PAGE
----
1 Samuel 18:1-4
And it came to pass, when he had made an end of speaking to Saul, that the soul of Jonathan was knit with the soul of David…
(References: - 1 Samuel 19:1-5; 1 Samuel 20:1-23; 1 Samuel 23:16-18.)
1. Friendship is a mutual affection between persons of congenial minds, arising out of their esteem for each other's excellence, and expressing itself in kindly offices. Attachment to kindred is in some respects surpassed by that which is felt towards the friend "who is even as thine own soul" (Deuteronomy 13:6). In allusion to it "Abraham was called the friend of God" (2 Chronicles 20:7; Isaiah 41:8; James 2:23) - possibly in the first instance by God himself; and "God spake to Moses as a man to his friend" (Exodus 33:11). The Book of Proverbs abounds in statements concerning the worth and claims of friendship (Proverbs 17:17; Proverbs 18:24; Proverbs 27:6, 9, 10, 17). And Jesus said to his disciples, "I have called you friends" (John 15:15).
2. Much that is usually called friendship is not worthy of the name. "There are three things that engender friendship - profit, pleasure, virtue. The first two do not beget true friendship, for as soon as the profit or pleasure ceaseth, friendship is gone; but virtue only maketh love and friendship to continue" (Willet).
3. The true friendship which subsisted between Jonathan and David "shines for all ages an eternal type." It is "the first Biblical instance of such a dear companionship as was common in Greece, and has been since in Christendom imitated, but never surpassed, in modern works of fiction" (Stanley). The most celebrated of the instances referred to were those of Orestes and Pylades, Damon and Pythias, Nisus and Euryalus.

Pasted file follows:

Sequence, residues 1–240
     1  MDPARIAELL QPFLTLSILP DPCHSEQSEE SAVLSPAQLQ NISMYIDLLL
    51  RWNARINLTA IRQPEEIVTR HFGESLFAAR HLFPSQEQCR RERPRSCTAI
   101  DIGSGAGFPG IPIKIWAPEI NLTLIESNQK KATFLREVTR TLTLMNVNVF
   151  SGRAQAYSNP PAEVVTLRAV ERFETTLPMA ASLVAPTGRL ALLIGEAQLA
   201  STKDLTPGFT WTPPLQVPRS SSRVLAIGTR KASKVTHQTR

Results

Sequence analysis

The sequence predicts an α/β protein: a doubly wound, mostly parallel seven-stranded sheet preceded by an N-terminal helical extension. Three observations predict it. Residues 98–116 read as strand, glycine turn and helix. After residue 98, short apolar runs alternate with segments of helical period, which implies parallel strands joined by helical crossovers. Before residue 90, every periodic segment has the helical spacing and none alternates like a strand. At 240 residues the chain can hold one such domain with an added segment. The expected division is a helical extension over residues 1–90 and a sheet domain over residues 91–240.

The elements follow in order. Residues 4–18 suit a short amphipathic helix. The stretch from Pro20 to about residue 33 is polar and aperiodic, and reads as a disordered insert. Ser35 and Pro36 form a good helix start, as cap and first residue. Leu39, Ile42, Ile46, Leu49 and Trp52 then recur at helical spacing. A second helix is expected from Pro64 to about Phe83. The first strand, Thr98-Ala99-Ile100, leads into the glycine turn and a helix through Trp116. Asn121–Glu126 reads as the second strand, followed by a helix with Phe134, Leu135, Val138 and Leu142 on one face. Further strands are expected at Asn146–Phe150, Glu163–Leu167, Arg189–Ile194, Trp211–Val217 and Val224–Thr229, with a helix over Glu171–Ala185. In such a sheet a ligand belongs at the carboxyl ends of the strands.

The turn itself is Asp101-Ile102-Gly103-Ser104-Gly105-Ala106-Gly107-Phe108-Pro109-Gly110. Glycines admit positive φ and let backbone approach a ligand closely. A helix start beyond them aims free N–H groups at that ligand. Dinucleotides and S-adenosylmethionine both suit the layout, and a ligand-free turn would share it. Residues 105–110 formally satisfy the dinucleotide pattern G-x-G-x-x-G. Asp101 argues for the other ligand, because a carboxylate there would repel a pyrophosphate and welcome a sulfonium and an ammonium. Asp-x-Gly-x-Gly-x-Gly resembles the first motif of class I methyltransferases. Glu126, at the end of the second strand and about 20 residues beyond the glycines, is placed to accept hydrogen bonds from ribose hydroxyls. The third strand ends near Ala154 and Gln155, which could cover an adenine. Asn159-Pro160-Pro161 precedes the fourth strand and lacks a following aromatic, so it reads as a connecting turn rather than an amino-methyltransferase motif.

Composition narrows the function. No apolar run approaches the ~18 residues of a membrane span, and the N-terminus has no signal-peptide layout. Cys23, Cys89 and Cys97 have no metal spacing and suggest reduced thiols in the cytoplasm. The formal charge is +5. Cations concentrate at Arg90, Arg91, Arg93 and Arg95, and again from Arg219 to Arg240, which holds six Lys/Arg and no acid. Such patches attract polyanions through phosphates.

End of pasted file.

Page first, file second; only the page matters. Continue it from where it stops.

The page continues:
4. The friendship of Jonathan toward David (the formation of which is here described) was Divinely provided as a means of guarding the life of the latter from the attacks of Saul, and of preserving his loyalty to the king and his faith in God. "Thy love to me was wonderful" (2 Samuel 1:26). On the other hand, that of David toward Jonathan exerted an elevating and sanctifying influence upon him. Of true friendship observe that -
I. IT EXISTS ONLY IN NOBLE SOULS. Both Jonathan and David were virtuous, generous, and devout. They were one in "the love of virtue and the fear of God." Persons destitute of these principles can neither esteem the excellence of others nor be esteemed for their own. "We are so formed by nature that there should be a certain social tie among all; stronger, however, as each approaches each. Now friendship is nothing else than a complete union of feeling on all subjects, Divine and human, accompanied by a kindly feeling and attachment. The entire strength of friendship consists in an entire agreement of inclinations, pursuits, and sentiments" (Cicero, 'On Friendship').
"A generous friendship no cold medium knows,
Burns with one love, with one resentment glows"
(Homer) A good man in the best friend, and therefore soonest to be chosen, longest to be retained, and, indeed, never to be parted with, unless he ceases to be that for which he was chosen (Jeremiah Taylor).
II. IT IS FOUNDED UPON MUTUAL ESTEEM. When David "had made an end of speaking unto Saul," in which he doubtless said much more than is recorded, the soul of Jonathan was knit (linked or chained) with the soul of David, etc. (ver. 1). Nothing is said of Jonathan at the time of David's conflict with Goliath. He may have been absent; or, if present, not permitted to risk his life in the encounter. Perhaps his faith and courage were not strong enough. But "he loved that which went beyond his own spirit, yet was of the same heroic order. He saw in David a higher and greater Jonathan, the ideal of his own actual life, himself transfigured and perfected. What he had dreamt he might be he beheld in David" (B. Kent). He admired the faith, courage, modesty, and moral excellence which lay beneath the "outward appearance." "Now they are worthy of friendship in whom there exists a reason why they should be loved; a rare class, for in truth all that is excellent is rare" (Cicero).